Paul Juniper, Director, Queen's IRCPaul Juniper (MA, Geography (York); CHRL; SPHR; SHRM-SCP; Honourary Life Member, HRPA) is the Director of the Queen’s University IRC. As a leading and respected figure in Canada’s HR community, Paul has over 30 years of experience in human resources and association leadership. Paul is particularly sought for his views on the future of the human resources profession. He speaks regularly at conferences on trends in human resources, and the ways in which individuals and their organizations can continue to raise the bar on HR. Paul developed and designed the Queen’s IRC Advanced HR Certificate to meet the increasingly complex professional

Hunter Harrison and the Transformation of Canadian National Railway

Hunter HarrisonWhen Hunter Harrison joined the recently-privatized Canadian National Railway (CNR) in 1998 as Chief Operating Officer, the company was generally acknowledged as one of the worst railroads in North America, highly indebted, perpetually in the red, and losing market share to the more efficient, flexible and newly deregulated U.S. railway and trucking industries. Recruited by Chief Executive Officer, Paul Tellier, for his skills and experience at Illinois Central, Harrison along with Tellier moved swiftly to transform CNR into a “scheduled precision railway” and to introduce needed efficiencies. Soon thereafter the company shed over 11,000 employees and thousands of miles of track.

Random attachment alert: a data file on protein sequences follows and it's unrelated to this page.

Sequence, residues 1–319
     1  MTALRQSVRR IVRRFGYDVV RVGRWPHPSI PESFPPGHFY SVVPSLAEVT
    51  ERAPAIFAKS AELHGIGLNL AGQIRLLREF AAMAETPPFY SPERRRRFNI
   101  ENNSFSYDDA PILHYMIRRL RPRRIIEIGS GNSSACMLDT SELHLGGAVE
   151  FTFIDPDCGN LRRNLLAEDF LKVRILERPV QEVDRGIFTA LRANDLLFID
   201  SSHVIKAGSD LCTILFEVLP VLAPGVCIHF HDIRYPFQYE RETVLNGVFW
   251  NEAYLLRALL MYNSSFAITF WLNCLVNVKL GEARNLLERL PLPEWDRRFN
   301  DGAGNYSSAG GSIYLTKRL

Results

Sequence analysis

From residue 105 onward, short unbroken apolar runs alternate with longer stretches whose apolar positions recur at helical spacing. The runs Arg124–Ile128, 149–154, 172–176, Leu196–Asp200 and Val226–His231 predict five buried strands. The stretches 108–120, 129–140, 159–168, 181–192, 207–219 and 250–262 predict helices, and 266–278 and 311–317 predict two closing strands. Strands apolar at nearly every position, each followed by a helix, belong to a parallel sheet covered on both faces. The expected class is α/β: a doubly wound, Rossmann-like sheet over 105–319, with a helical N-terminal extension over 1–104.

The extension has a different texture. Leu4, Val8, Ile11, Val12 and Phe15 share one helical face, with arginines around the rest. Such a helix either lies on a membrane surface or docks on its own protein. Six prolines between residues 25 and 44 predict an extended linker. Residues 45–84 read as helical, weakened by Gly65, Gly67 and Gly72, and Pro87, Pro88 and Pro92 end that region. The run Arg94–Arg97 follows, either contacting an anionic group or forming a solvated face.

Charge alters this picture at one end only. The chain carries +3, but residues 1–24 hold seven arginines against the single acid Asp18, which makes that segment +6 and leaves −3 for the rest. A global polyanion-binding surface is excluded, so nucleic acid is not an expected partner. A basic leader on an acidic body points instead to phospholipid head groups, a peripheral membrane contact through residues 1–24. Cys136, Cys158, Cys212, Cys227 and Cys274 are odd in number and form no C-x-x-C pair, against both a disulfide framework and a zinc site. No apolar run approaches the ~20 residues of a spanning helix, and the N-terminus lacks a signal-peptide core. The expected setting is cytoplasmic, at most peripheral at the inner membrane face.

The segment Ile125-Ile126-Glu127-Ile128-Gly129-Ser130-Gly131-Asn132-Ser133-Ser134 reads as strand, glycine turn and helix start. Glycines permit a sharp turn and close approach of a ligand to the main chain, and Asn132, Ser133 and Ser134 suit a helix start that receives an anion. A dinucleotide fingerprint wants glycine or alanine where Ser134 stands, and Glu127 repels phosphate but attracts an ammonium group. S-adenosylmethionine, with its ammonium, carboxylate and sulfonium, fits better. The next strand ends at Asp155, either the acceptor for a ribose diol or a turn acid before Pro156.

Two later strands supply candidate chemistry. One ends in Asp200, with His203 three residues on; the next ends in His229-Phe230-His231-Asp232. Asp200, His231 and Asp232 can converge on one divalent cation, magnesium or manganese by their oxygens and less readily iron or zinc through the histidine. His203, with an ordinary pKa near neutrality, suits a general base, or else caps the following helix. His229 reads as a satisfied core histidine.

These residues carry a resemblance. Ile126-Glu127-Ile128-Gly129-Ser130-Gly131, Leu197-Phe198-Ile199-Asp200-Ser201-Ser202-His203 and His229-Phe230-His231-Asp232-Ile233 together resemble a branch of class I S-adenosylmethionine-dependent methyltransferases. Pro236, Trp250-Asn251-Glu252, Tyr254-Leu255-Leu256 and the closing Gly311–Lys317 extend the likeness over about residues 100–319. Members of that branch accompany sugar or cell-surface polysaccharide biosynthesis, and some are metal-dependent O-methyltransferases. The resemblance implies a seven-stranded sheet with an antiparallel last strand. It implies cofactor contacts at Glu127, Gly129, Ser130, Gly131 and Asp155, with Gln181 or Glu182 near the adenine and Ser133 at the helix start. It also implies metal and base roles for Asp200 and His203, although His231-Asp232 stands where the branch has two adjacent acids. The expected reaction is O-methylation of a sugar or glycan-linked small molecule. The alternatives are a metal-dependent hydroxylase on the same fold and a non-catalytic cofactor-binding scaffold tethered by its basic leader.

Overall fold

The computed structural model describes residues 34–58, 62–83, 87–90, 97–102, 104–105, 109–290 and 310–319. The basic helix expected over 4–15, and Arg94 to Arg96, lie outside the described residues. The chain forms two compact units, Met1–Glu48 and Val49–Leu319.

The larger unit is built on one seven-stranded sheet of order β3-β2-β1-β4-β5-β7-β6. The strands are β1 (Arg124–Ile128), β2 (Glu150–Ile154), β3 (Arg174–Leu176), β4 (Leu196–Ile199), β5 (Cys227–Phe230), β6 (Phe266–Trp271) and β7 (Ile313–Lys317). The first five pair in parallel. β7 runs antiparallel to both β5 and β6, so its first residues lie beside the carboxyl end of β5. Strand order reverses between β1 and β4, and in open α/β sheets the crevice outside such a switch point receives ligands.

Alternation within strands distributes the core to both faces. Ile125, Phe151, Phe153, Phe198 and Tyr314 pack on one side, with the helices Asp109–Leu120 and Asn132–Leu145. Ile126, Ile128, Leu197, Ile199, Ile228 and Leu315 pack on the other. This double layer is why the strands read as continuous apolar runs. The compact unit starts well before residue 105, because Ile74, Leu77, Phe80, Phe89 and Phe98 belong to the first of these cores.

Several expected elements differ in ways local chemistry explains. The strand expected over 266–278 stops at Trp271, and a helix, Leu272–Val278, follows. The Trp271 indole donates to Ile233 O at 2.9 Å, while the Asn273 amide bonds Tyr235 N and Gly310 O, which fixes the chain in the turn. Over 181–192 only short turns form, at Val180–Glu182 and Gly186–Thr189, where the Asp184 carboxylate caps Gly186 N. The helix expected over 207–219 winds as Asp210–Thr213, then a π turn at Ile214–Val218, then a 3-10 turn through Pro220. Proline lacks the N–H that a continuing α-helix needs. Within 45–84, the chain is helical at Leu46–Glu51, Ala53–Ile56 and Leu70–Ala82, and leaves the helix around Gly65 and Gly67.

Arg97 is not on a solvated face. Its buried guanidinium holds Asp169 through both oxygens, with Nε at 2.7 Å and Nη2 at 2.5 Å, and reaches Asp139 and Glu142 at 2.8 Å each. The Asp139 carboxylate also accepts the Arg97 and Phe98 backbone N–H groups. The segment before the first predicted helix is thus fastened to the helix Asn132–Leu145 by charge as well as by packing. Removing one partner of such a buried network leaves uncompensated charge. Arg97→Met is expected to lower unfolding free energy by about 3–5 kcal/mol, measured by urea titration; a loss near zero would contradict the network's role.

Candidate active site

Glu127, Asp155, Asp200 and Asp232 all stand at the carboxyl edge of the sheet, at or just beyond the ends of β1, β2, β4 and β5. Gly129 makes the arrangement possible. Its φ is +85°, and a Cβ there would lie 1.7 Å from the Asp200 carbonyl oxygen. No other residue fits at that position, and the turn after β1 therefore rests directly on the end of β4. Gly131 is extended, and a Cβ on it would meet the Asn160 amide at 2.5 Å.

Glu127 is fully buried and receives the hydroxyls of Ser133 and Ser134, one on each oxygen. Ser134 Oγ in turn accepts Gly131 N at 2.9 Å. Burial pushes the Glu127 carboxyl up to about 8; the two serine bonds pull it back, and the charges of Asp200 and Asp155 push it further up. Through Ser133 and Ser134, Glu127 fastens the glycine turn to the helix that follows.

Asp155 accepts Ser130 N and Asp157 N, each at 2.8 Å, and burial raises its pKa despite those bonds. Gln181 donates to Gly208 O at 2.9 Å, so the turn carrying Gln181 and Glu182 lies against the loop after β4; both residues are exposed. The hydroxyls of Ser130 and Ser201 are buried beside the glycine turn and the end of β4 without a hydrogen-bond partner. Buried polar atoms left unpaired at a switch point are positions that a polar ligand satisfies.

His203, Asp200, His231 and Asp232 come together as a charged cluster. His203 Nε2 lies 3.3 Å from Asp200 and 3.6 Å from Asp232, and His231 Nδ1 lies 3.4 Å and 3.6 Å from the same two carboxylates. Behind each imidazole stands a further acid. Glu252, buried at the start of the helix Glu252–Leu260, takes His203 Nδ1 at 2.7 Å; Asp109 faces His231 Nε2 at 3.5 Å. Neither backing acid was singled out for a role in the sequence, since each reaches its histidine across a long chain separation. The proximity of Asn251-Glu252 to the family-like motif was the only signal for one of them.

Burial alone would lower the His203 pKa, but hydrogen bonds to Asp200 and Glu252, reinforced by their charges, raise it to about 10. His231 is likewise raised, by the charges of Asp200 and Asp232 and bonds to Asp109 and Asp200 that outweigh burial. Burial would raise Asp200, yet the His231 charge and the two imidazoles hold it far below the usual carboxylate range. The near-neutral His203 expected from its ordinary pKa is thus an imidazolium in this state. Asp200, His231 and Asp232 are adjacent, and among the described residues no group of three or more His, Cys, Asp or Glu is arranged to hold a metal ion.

After Tellier left the company in 2003, Harrison was appointed as his successor. The challenge was enormous. A cultural overhang still existed from the railway’s public sector days when it was more of an employment generation device than a business, complete with regionalism, isolation from commercial pressures, formal chains of command, hostile unions and a culture of entitlement. Would Harrison be able to complete the transformation or would the company sink back into mediocrity? Fast forward to 2008 and CNR was then widely recognized as the most efficient railway in North America. How he accomplished this cultural transformation is nothing short of miraculous.

An effective change leader needs five skills which I call the five Ps: Passion, Plan, Persuasion, Partnering and Perseverance, and Harrison had all of them in abundance.